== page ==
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I am given a vector field $\vec{A} = A_\rho \space \hat{e_\rho} + A_\phi \space \hat{e_\phi} + A_z \space \hat{e_z}$, and I am supposed to use the unit vectors (provided below) in cylindrical coordinates to calculate the gradient in cylindrical coordinates.

\begin{align*} \hat{\rho} = <\cos(\phi), \sin(\phi),0> \end{align*} \begin{align*} \hat{\phi} = <-\sin(\phi), \cos(\phi),0> \end{align*} \begin{align*} \hat{z} = <0,0,1> \end{align*}

Then, I am asked to use the form of the gradient operator in cylindrical coordinates to compute $ \nabla \times \vec{A} $, where the gradient operator in cylindrical coordinates, found as:

\begin{align*} \nabla\times\vec{F} = (\frac{1}{\rho} \frac{\delta A_z}{\delta \phi} - \frac{\delta A_\phi}{\delta z}) \hat{\rho} + (\frac{\delta A_\rho}{\delta z} - \frac{\delta A_z}{\delta \rho})\hat{\phi} + \frac{1}{\rho}(\frac{\delta(\rho A_\phi)}{\delta \rho} - \frac{\delta A_\rho}{\delta \phi} )\hat{z}\end{align*}

Now, the professor also provides a hint:

"Given the forms of the unit vectors, be careful when $\delta/\delta\phi$ hits either $\hat{e_\rho}, \hat{e_\phi}$ -- these terms will be non trivial.

The issue I'm having is how is the above expression not the final solution? Doesn't that represent the gradient ($\nabla \times \vec{A}$) in cylindrical coordinates for the given vector? Or is there a way to simplify the expression?

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    $\begingroup$ That is the expression; your professor is talking about deriving it. $\endgroup$ – Muphrid Mar 30 '14 at 23:12
  • $\begingroup$ Ah, totally missed that. Thank you. $\endgroup$ – A4Treok Mar 30 '14 at 23:44
  • $\begingroup$ The question is closely related to those. The gradient operator in cylindrical coordinates takes the form $\nabla = \hat{\rho} \frac{\delta}{\delta\rho} + \hat{\phi} \frac{1}{\rho} \frac{\delta}{\delta\phi} + \hat{z} \frac{\delta}{\delta z}$ with your notations. $\endgroup$ – Harry49 Feb 24 '17 at 17:22
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My attempt at the solution (using $<r,\phi,z>$)

Curve of constant r

First consider the curve of constant r, provided above. For $C_1$ and $C_3$, we have:

$\int_{C_1} F\cdot \hat{t} = -F_\phi (r,\phi, z + \Delta z/2)(r + \Delta r/2)\Delta \phi$

$\int_{C_3} F\cdot \hat{t} = F_\phi (r,\phi, z - \Delta z/2)(r - \Delta r/2)\Delta \phi$

Thus, knowing the change in surface for constant r is $\delta S_r = r \delta \phi \delta z$

\begin{align*} \frac{1}{\Delta S}\int_{C_1 + C_3} F\cdot \hat{t} = -\frac{\Delta \phi}{r \Delta \phi \ \Delta z}[ F_\phi (r,\phi, z + \Delta z/2)(r + \Delta r/2) - F_\phi (r,\phi, z - \Delta z/2)(r - \Delta r/2)] \end{align*}

Which taking the limits for $\Delta \phi, \Delta z \rightarrow 0$, we get

\begin{align*} -\frac{\delta F_\phi}{\delta z}\end{align*}

For $C_2$ and $C_4$:

$\int_{C_2} F\cdot \hat{t} = F_z (r,\phi + \Delta \phi/2, z)\Delta z$

$\int_{C_4} F\cdot \hat{t} = F_z (r,\phi - \Delta \phi/2, z)\Delta z$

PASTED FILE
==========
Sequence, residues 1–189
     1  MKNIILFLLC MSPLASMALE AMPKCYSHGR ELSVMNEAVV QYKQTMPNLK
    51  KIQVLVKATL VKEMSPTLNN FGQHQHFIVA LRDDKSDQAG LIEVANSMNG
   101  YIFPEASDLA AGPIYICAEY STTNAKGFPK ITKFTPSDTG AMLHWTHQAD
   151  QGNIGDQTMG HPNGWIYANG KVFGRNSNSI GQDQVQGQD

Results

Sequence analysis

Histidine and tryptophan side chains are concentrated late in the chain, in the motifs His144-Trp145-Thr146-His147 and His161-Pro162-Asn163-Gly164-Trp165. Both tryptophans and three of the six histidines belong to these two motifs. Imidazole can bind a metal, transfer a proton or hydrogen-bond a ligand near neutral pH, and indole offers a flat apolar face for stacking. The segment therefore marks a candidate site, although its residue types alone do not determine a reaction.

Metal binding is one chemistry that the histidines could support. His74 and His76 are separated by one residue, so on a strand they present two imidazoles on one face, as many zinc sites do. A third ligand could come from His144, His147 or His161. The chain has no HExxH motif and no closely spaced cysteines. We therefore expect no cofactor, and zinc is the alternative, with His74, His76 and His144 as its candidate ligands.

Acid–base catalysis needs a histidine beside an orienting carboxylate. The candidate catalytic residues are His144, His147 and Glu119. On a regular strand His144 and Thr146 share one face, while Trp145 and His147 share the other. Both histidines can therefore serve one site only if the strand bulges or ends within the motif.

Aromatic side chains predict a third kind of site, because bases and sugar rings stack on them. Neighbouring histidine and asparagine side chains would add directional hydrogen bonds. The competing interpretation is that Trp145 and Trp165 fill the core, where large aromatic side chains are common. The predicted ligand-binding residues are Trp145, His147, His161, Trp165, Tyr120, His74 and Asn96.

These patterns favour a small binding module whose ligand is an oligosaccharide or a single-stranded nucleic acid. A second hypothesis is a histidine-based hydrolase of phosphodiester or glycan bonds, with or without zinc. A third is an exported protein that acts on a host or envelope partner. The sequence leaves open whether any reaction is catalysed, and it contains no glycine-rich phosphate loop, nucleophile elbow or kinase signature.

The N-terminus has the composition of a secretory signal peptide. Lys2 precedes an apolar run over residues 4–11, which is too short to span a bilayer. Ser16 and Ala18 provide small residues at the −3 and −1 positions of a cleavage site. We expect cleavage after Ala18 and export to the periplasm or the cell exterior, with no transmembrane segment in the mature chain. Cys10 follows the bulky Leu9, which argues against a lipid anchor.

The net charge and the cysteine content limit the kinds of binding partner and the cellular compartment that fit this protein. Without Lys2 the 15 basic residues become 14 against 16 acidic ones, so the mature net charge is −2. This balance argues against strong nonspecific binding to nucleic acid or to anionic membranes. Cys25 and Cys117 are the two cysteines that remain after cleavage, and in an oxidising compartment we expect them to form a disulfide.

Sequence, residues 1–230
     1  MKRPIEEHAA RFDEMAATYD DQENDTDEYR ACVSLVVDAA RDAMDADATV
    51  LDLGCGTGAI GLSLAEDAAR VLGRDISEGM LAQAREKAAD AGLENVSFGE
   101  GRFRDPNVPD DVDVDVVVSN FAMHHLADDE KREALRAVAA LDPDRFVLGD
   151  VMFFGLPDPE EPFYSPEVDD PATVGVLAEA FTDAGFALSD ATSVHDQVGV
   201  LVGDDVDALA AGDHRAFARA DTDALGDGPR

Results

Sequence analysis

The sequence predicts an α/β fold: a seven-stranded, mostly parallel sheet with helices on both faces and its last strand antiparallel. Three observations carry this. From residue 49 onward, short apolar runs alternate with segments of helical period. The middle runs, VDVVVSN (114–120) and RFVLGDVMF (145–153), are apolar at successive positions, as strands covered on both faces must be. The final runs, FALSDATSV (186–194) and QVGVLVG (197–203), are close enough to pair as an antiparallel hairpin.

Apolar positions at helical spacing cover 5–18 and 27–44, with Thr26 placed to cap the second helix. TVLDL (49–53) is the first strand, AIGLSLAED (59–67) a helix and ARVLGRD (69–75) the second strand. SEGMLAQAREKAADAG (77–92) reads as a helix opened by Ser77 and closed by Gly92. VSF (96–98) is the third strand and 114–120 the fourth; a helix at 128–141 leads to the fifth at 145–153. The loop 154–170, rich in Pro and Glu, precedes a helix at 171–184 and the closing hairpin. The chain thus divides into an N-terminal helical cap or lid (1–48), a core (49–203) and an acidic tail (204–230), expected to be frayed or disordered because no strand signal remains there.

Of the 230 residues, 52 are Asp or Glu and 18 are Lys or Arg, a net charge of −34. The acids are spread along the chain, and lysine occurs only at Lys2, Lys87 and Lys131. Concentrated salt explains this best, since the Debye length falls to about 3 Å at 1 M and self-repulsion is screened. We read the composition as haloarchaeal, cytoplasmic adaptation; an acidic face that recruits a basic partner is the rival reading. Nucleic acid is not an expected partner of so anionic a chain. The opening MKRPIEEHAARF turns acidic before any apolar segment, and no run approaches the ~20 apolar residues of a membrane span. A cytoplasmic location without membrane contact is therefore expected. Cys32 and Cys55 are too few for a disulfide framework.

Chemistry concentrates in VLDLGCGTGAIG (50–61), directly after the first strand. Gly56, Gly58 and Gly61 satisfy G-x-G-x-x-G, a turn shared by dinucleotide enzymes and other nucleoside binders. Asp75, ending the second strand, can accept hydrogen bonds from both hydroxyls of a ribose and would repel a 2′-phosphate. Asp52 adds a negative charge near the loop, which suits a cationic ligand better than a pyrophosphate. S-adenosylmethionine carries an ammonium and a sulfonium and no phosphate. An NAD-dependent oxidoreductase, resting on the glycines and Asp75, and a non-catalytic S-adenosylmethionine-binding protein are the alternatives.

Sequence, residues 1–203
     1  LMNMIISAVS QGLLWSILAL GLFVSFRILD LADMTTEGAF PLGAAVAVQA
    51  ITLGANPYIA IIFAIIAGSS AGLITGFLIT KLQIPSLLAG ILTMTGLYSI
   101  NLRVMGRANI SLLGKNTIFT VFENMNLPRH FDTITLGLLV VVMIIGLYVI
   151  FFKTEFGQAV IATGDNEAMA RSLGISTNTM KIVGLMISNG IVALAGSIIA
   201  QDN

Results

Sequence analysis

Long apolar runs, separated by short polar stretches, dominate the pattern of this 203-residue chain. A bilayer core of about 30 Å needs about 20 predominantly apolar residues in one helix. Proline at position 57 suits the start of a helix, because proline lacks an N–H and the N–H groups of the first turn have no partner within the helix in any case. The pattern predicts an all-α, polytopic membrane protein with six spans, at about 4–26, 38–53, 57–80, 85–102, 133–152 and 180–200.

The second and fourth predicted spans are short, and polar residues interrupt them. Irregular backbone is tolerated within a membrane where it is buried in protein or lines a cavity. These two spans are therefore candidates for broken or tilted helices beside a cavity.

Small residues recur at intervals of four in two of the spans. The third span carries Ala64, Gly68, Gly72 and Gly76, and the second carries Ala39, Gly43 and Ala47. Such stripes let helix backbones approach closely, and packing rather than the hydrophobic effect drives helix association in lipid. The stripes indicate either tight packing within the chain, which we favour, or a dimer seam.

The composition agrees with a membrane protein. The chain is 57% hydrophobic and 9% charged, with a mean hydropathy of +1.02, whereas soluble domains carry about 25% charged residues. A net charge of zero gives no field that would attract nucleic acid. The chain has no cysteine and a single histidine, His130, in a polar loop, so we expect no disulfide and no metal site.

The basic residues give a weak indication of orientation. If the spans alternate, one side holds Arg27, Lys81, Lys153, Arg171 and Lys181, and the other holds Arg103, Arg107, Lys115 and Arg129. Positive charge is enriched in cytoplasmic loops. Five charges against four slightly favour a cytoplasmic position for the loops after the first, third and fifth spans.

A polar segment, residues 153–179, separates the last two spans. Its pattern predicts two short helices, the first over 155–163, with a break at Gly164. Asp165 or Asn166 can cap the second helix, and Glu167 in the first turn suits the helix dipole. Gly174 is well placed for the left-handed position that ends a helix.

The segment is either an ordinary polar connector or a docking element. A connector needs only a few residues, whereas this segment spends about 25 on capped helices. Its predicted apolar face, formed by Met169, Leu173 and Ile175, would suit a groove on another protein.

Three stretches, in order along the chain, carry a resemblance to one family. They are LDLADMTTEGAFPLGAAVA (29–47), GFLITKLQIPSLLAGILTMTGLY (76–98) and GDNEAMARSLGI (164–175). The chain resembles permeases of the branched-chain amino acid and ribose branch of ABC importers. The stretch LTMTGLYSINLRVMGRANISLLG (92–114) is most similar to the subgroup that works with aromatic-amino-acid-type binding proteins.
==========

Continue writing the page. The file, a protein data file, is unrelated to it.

Thus,

\begin{align*} \frac{1}{\Delta S}\int_{C_2 + C_4} F\cdot \hat{t} = \frac{\Delta \phi}{r \Delta \phi \ \Delta z}[F_z(r,\phi + \Delta \phi/2, z) - F_z(r,\phi - \Delta \phi/2, z)] \end{align*}

Which taking the limits for $\Delta \phi, \Delta z \rightarrow 0$, we get

\begin{align*} \frac{1}{r} \frac{\delta F_z}{\delta \phi}\end{align*}


Curve of constant $\phi$

First consider the curve of constant $\phi$, provided above. For $C_1$ and $C_3$, we have:

$\int_{C_1} F\cdot \hat{t} = F_r (r,\phi, z + \Delta z/2)\Delta r$

$\int_{C_3} F\cdot \hat{t} = -F_r (r,\phi, z - \Delta z/2)\Delta r$

Change in surface for constant $\phi$ is $\delta S_r = r \phi \delta z$

\begin{align*} \frac{1}{\Delta S}\int_{C_1 + C_3} F\cdot \hat{t} = \frac{\Delta r}{\Delta r \ \Delta z}[F_r (r,\phi, z + \Delta z/2) - F_r (r,\phi, z - \Delta z/2)] \end{align*}

Which taking the limits for $\Delta r, \Delta z \rightarrow 0$, we get

\begin{align*} \frac{\delta F_r}{\delta z}\end{align*}

For $C_2$ and $C_4$:

$\int_{C_2} F\cdot \hat{t} = -F_z (r + \Delta r/2, \phi, z)\Delta z$

$\int_{C_4} F\cdot \hat{t} = F_z (r - \Delta r/2, \phi, z)\Delta z$

Thus,

\begin{align*} \frac{1}{\Delta S}\int_{C_2 + C_4} F\cdot \hat{t} = -\frac{\Delta z}{\Delta r \ \Delta z}[F_z(r + \Delta r/2, \phi, z)-F_z (r - \Delta r/2, \phi, z)] \end{align*}

Which taking the limits for $\Delta r, \Delta z \rightarrow 0$, we get

\begin{align*} \frac{\delta F_z}{\delta r}\end{align*}


enter image description here

The derivation for the final curve, of constant $z$, shown above, can be found in Schey's "Div Grad Curl and All That", but it follows the same procedure as above.

The result for the curve of constant $z$ is

\begin{align*} (\nabla \times F)_z =\frac{1}{r}\frac{\delta}{\delta r} (rF_\phi) - \frac{1}{r} \frac{\delta F_r}{\delta \phi} \end{align*}

Combining the results of the above, we reach

\begin{align*} \nabla\times\vec{F} = (\frac{1}{r} \frac{\delta F_z}{\delta \phi} - \frac{\delta F_\phi}{\delta z}) \hat{r} + (\frac{\delta F_r}{\delta z} - \frac{\delta F_z}{\delta r})\hat{\phi} + \frac{1}{r}(\frac{\delta(r F_\phi)}{\delta r} - \frac{\delta F_r}{\delta \phi} )\hat{z}\end{align*}

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